I grew up under the tutelage of a fatalist—my mother. I can remember her singing along with Doris Day’s popular rendition of “Que Sera, Sera.” “Everything is under God’s control,” my mother explained. “Everything will happen just as He has planned. We just have to wait and accept it.” I believed her for a while, especially the day she told me, “Eat your peas if you want to be strong.”
“Why do I need to eat my peas?” I argued. “Everything will happen just as God has planned. We should just wait and accept it.” Finally, she forced me to eat my peas, despite the rigor of my logic.
By God’s grace, I eventually lost my faith in Doris Day’s fatalism and became a follower of Christ. One of my greatest joys in those early years of faith was prayer—bringing my petitions to God and watching Him answer them one after another. One of my favorite Bible verses was, “The effectual fervent prayer of a righteous man availeth much” (James 5:16 KJV).
But something happened when I began to study theology. I learned the wonderful biblical truth that “Our God is in the heavens; he does all that he pleases” (Ps. 115:3). I realized that God is the Sovereign over all creation “who works all things according to the counsel of his will” (Eph. 1:11). But as this precious truth took hold of me, I made a big mistake. I reverted to my childhood logic: “Que sera, sera. It doesn’t matter if we pray. We should just wait and accept what God has planned.” As a pastor and seminary professor, I’ve witnessed the same in many others.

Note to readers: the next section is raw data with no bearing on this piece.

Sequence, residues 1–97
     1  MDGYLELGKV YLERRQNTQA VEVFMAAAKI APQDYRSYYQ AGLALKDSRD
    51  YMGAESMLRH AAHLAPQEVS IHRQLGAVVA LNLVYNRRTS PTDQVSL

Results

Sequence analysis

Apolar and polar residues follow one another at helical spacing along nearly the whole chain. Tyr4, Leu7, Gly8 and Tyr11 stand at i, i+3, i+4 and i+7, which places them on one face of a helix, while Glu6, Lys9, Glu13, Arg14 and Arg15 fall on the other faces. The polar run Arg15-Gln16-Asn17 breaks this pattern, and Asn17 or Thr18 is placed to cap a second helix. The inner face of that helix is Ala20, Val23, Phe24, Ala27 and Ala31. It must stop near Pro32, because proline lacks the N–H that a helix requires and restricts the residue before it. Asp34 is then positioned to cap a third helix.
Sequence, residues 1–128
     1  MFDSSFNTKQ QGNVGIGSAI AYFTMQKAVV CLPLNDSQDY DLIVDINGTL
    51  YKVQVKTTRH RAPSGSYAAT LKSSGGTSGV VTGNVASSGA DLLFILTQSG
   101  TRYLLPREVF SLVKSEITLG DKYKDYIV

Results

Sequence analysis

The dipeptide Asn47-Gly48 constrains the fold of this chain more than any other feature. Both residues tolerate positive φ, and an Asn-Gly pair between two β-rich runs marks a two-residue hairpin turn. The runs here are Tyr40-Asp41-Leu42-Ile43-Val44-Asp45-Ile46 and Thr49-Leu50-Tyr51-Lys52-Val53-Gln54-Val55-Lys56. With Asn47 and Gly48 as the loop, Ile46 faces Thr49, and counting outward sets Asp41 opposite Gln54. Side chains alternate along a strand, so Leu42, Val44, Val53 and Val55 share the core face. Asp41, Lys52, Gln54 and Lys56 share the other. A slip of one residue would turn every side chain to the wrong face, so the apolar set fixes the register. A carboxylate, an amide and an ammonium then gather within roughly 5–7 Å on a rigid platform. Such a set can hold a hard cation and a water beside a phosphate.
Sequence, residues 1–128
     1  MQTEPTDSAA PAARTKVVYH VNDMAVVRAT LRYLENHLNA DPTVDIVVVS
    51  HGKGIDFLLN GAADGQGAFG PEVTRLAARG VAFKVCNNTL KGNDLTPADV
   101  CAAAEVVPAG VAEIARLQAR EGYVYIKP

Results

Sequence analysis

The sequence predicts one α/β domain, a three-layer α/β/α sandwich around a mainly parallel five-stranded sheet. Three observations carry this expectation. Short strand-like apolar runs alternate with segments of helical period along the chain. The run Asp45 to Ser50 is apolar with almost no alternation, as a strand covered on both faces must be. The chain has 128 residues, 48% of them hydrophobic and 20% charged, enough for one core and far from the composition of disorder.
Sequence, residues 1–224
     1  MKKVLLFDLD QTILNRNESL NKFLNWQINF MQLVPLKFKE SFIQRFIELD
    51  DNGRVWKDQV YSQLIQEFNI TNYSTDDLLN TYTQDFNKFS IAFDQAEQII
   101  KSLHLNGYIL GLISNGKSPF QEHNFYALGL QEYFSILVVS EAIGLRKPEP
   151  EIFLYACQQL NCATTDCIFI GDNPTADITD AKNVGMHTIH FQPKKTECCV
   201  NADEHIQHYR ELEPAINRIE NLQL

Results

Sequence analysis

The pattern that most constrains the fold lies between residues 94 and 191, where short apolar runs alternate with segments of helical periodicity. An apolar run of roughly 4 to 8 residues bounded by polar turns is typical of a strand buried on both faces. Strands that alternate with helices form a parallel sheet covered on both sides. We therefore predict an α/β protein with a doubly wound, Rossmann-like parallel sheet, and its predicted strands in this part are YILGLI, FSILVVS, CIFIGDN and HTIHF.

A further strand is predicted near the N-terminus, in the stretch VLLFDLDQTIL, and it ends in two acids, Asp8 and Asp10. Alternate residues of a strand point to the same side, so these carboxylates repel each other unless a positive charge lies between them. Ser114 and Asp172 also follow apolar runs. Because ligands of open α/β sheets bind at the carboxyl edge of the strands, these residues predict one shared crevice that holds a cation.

But the Scriptures and sound theology teach something different. God, the First Cause of all things, ordinarily accomplishes His plans through what theologians call “second causes.” These are His created instruments, such as angels, the forces of nature, and human actions. Of course, God is free to work without, above, and against these created causes, but ordinarily He works through them. And Scripture teaches that prayer is a powerful second cause.
We marvel at the energy of the sun and the complexity of nature, and we may even know that God uses us to accomplish His plans. But all too often, belief in God’s sovereignty leads well-meaning Christians to give up on fervent prayer. We pray out of duty, we pray out of desperation, but we often lose the firm conviction that prayer “availeth much.”
Each of us must ask ourselves how much significance we believe our prayers have. Do we think of them as little more than wishful thinking? Or do we believe, as the Scriptures tell us, that prayer accomplishes great things? If we believe that it is important to tell children, “Eat your peas,” then surely we must devote ourselves to calling on God to meet our needs. Prayer is far more important than eating your peas.